THE ART in "Artists, at Play?" -- an exhibition of works by 18 Washington area artists at the Arlington Arts Center--is mainly about memory, about the disjunction between the adult and the child in all of us. Using toys or children's games as a starting point, each artist in the show attempts in some way to put Humpty together again.

This tension can be an interesting point of departure. H. Terry Braunstein's satirical transformation of a cheap cardboard book of nursery rhymes is a spirited, funny re-use of trite images and emotions. Sidney Lawrence's house-of-horrors relief construction, "1906 Doll House," is a successful evocation of fears that sometimes accompany child's play. John Ryan's "Target Man," a stylized half-length figure literally punctured by sharp oriental throwing discs, is a chilling piece whose relevance to the stated theme is questionable.

The most ambitious works in the show are John Dickson's "The Procession of Princess Tourndot" and Janet David's "He's Not Dating You, Is He?" Dickson's piece is a parade of inventively altered toys and other happenstance artifacts--Big Wheels, toy trains, gold clubs, hair dryers, roller skates, horseshoe crab shells. David's work is a tableau-painting, seven inches thick, made up of hundreds of candy wrappers and other tiny bits and pieces, glued together and rather messily painted over with brilliant, tacky colors. I'm not at all sure either artist completely hits the mark, but I admire the complexity of their intentions to simultaneously encapsulate something of a child's intensity and an adult's anxiety.

Other reasonably satisfying works are more straightforward: Nade Haley's scary animal cut-outs, Raya Bodnarchuk's appealing bird-like figures cut from wood, Genna Watson's memorably lyrical "Dinosaur Diorama." Linda Swick's free-standing sculpture, "The Finale," a tapered cylindrical pole supporting a sphere in which two stylish motorcyclists race to no end, is absorbingly odd.

The mixed exhibition was selected by Lynda Roscoe Hartigan, assistant curator of 20th century painting and sculpture at the National Museum of American Art. It continues through June 10 at 3550 Wilson Blvd. The center is open from 11 a.m. to 5 p.m. Tuesday through Friday, and noon to 5 p.m. Saturday. Jane Anthony-Buckman

Jane Anthony-Buckman is showing recent drawings and paintings in the Arlington Arts Center's upstairs gallery. The paintings, with their eerie light, simplified forms and de Chirico-like spaces, are far superior to the fussy drawings although the artist's grasp of her symbolic subjects--huge grapes, mostly, in strange settings--seems tentative. This show, too, runs through June 10. Frank Stella

An exhibition of 25 prints by Frank Stella at the Hom Gallery is not exhaustive but it includes a good assortment of the painter's prints from 1974 to 1982--enough to chew on for a while. Stella's prints, like his paintings, are at once daunting and tremendously appealing.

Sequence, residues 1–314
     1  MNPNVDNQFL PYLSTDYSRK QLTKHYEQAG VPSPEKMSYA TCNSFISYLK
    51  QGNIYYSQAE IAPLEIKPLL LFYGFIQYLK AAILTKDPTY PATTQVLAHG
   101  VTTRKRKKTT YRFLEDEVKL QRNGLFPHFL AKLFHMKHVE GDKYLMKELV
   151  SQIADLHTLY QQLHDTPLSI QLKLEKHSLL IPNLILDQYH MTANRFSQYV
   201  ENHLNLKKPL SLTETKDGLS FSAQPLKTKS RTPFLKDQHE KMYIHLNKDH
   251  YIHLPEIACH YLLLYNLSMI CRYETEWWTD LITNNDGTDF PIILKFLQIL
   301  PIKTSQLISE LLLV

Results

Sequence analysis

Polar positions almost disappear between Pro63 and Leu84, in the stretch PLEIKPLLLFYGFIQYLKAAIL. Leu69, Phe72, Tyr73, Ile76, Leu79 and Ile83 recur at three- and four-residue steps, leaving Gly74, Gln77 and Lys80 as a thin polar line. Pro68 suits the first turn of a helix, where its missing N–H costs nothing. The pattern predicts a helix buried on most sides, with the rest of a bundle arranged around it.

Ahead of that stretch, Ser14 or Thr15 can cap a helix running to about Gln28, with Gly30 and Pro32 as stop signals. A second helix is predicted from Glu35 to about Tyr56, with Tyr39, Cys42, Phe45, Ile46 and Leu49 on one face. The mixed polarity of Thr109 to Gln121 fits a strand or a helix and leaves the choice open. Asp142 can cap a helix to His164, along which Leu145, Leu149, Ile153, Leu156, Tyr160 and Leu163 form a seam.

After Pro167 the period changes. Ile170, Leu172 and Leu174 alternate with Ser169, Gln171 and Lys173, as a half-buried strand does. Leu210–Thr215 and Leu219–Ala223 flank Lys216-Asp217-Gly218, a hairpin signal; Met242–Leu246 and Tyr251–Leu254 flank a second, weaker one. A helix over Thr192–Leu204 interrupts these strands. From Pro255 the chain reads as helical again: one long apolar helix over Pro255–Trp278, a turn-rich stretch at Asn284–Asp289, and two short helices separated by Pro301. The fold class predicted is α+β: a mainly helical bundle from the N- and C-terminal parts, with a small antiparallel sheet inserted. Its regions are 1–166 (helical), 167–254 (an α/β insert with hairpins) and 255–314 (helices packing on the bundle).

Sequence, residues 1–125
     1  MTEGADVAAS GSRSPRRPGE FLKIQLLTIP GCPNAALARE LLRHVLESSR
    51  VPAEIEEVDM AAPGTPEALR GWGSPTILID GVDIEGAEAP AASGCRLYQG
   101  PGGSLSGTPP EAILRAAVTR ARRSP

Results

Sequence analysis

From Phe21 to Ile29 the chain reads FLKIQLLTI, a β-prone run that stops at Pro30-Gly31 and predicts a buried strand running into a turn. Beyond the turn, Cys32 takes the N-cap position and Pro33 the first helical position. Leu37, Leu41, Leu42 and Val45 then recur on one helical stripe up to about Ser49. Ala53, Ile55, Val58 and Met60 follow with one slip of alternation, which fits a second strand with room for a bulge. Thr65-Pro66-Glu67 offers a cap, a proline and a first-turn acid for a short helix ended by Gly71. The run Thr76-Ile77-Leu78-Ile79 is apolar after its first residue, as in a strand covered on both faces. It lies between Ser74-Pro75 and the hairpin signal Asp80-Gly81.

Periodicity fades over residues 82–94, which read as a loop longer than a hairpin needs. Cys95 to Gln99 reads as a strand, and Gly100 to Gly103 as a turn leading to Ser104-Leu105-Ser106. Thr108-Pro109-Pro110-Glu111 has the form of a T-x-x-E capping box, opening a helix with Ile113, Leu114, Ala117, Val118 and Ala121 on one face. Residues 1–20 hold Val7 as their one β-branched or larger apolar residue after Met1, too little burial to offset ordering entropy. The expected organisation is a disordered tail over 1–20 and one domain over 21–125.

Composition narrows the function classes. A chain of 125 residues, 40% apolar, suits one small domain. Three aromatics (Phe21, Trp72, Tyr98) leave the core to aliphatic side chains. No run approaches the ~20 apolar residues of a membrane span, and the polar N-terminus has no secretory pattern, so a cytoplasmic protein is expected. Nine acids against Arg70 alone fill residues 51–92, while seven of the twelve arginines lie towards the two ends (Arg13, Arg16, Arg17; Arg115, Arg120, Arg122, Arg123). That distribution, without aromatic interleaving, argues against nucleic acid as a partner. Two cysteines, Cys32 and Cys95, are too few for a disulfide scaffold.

In prints, as in paintings, Stella's characteristic is the series--variations on formal themes that allow him to experiment and to change within controlled limits. Two series represented in this show--the "Sinjerli Variations" of 1977 and the "Polar Coordinates" of 1980--use the arcs of his earlier protractor and Saskatchewan paintings. Stella makes the arcs do tricks. They start, stop and speed this way and that; they break and regroup and break again, and they do this within a very tight system that yields, in his hands, constant surprise.

By contrast, the unpredictable, stylized, biormorphic forms in "Shards," the most recent series in the show, are placed almost randomly. Still, the forms are tied loosely together in a helter-skelter sequence of eye-popping spaces. If these images are not as pleasing as the earlier, more systematic arc prints, they project a jazzy vigor that is hard to forget.

The exhibition continues through May 21 at 2103 O St. NW. Hours are from 11 a.m. to 5 p.m. Tuesday through Saturday. Michael Platt

In his fourth solo exhibition at the Franz Bader Gallery, Michael Platt turns his vision and his battery of skills (as sculptor, draftsman and painter) upon a terrifying subject: the Atlanta murders.

Artistically the results are mixed. Snapshots of the children, displayed in a magazine that is part of Platt's mixed-media sculpture (a sort of altar to the dead) speak with a directness that is hard to top with artifice.

Still, it is a moving, mournful show. The strongest images in it are portraits--altered photographs of the victims (darkly scribbled and scratched upon) and straight drawings--in which Platt's vigorous attack as a draftsman conveys a plenitude of emotion. The paintings in which figures float in and out of indeterminate spaces are more ambitious, but they seem only vaguely related to the theme. Through May 28 at 2001 I St. NW, open from 10 a.m. to 6 p.m. Tuesday through Saturday.